Written by James Tynion IV, Scott Snyder, Tim Seeley
Art by Roge Antonio, Geraldo Borges, Allen Passalaqua
Published by DC Comics
Release Date: February 17, 2016

Mother’s rampaging children are raising hell as the Bat-family tries to reverse the mayhem and keep the young members from tearing each other apart.

Tynion, Snyder and Seeley bring this part of the arc to a close nicely, not drawing out this conflict any longer than it needs to be. The pacing of this issue is stronger than the last, though I do feel like this story is starting teetering on falling off the tracks. The conclusion of the issue features a couple characters getting away once again, with two high profile members of the Bat-clan in tow and things are really starting to feel like they are dragging on, just for the sake of continuing the story. This issue in and of itself is not poorly written or executed from a storytelling standpoint, the dialogue and pacing are on point, but when looked at in the whole of the weekly book thus far, some general themes are starting to get tired.

Seeley’s work with the characters is just fine, and he’s got a huge cast of varied voices to deal with. He handles each well, with Helena in particular stealing some great moments throughout the issue. This issue does highlight a weakness in the series as a whole though, in that issues with next to no influence from Batman or some progression or great stride toward the final conflict with Mother feel like they are stalling. The overall momentum of the series is given a boost by the final page, and that page alone is enough to keep me coming back for more to see where this is going.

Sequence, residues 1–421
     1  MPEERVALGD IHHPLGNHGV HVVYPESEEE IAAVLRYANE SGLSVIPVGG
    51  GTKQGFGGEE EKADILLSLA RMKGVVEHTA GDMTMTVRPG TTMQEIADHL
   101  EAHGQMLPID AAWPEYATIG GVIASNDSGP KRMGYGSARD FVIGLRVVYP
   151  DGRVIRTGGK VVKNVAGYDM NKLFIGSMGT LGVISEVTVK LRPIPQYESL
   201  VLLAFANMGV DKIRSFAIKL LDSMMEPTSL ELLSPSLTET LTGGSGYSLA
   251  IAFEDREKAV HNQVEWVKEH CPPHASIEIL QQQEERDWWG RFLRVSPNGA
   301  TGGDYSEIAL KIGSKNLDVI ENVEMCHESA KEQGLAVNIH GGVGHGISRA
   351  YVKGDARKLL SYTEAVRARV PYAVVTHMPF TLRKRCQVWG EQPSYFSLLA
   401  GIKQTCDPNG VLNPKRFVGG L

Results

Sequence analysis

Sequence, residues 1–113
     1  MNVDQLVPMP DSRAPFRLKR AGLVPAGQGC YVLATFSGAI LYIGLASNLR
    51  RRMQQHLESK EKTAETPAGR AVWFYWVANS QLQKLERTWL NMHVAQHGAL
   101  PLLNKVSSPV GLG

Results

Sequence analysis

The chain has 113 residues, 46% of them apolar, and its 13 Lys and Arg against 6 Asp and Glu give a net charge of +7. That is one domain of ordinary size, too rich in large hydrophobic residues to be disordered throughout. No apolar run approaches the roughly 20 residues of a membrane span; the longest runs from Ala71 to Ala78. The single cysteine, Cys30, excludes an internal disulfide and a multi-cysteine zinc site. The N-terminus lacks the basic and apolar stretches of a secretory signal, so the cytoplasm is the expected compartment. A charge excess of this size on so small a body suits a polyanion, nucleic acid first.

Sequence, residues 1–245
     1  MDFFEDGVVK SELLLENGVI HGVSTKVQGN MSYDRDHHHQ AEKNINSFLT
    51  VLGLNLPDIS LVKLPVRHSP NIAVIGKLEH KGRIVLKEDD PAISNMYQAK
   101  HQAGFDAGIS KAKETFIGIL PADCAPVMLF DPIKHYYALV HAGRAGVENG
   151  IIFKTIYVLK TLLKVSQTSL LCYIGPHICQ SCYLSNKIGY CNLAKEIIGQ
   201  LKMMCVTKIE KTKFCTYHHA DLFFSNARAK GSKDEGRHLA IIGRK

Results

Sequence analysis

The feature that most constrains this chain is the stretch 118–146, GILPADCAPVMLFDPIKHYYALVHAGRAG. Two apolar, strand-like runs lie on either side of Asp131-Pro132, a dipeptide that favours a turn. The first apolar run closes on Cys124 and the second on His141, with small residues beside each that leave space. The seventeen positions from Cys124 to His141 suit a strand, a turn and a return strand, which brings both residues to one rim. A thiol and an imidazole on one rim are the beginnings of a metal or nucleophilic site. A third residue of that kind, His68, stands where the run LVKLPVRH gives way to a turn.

Roge Antonio and Geraldo Borges are a significant upgrade on the art from from last issue and they provide solid work throughout. They nail the aforementioned final page, and there is some really good work throughout the issue. They had some panels where they could really cut loose with the Scarecrow’s fear toxin, and those images really work, in large part because of Allen Passalaqua’s colour work. The art gets the job done in this issue and the next time I see this team’s names in the rotation I won’t be disappointed.

Batman And Robin Eternal #20 caps off this chapter in the ongoing saga of Bat-family vs. Mother and brings a new dynamic into play that could be very interesting. This single issue is just fine, though it highlights some aspects that are becoming repetitive could become problematic as this series progresses. Here’s hoping the final page brings good tidings for Batman And Robin Eternal going forward.

The Verdict: 7.0/10


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